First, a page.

Stephen R. Covey, who won a global following and a five-year run on bestseller lists by fusing the genres of self-help and business literature in his 1989 book “The Seven Habits of Highly Effective People: Restoring the Character Ethic,” died Monday at a hospital in Idaho Falls, Idaho. He was 79.
His family said in a statement that the cause was complications of a bicycle accident three months ago, according to the New York Times.
Covey’s book sold more than 25 million copies worldwide and it became the first audiobook to sell more than a million copies. After conferring with Covey over Thanksgiving in 1994, President Bill Clinton said American productivity would greatly increase if people followed Covey’s advice. More than two-thirds of Fortune 500 companies flocked to use a consulting company he had founded.
Covey was a bit baffled by his success. He said he was simply telling people what he thought they already knew: the efficacy of good behavior. All that people had to do was form habits out of their best instincts, he said, calling his seven nuggets of knowledge natural laws, such as gravity. They are:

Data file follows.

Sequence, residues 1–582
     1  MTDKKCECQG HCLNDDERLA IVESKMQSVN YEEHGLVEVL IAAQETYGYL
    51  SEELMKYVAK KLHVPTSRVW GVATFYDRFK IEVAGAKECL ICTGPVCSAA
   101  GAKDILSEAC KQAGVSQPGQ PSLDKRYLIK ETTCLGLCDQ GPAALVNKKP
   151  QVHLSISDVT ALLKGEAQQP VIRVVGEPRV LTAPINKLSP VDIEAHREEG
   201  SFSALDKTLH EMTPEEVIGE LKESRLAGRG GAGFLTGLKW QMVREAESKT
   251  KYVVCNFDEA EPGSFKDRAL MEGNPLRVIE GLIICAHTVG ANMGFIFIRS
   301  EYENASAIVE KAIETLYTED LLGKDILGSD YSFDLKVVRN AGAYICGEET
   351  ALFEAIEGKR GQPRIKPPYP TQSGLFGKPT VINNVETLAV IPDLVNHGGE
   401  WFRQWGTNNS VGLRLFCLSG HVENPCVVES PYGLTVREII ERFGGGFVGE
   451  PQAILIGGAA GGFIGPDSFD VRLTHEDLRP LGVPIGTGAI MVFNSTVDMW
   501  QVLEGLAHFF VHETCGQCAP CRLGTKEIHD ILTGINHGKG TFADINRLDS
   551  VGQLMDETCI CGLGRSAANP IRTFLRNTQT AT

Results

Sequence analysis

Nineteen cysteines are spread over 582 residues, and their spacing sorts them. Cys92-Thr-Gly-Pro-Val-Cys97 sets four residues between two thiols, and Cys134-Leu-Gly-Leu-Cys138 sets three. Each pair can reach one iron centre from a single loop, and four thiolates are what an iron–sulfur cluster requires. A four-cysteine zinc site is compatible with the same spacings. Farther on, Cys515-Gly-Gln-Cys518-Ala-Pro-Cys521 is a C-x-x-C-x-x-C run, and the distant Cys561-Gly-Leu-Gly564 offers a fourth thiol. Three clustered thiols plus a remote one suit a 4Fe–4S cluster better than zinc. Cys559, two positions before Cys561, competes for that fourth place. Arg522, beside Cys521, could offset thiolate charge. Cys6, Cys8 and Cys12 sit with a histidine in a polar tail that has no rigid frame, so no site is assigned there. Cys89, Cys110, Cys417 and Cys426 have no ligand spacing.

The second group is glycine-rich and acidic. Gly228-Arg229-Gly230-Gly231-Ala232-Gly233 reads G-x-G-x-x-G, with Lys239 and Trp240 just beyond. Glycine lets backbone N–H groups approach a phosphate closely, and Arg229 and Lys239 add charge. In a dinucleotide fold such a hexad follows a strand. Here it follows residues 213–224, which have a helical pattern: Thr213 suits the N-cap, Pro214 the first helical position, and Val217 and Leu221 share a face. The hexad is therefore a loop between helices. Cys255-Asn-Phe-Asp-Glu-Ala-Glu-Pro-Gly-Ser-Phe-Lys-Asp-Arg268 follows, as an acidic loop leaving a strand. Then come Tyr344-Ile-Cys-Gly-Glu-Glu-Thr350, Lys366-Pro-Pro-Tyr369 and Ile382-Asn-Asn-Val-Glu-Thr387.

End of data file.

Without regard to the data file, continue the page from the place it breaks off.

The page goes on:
1. Be proactive.
2. Begin with the end in mind.
3. Put first things first.
4. Think “win-win.”
5. Seek first to understand, then to be understood.
7. Sharpen the saw; that is, undergo frequent self-renewal.
“We believe that organizational behavior is individual behavior collectivized,” Covey said, according to the newspaper. He expanded the lesson in 2004 in “The 8th Habit: From Effectiveness to Greatness,” in which he urges people to find their own distinctive voice and to encourage others to find theirs.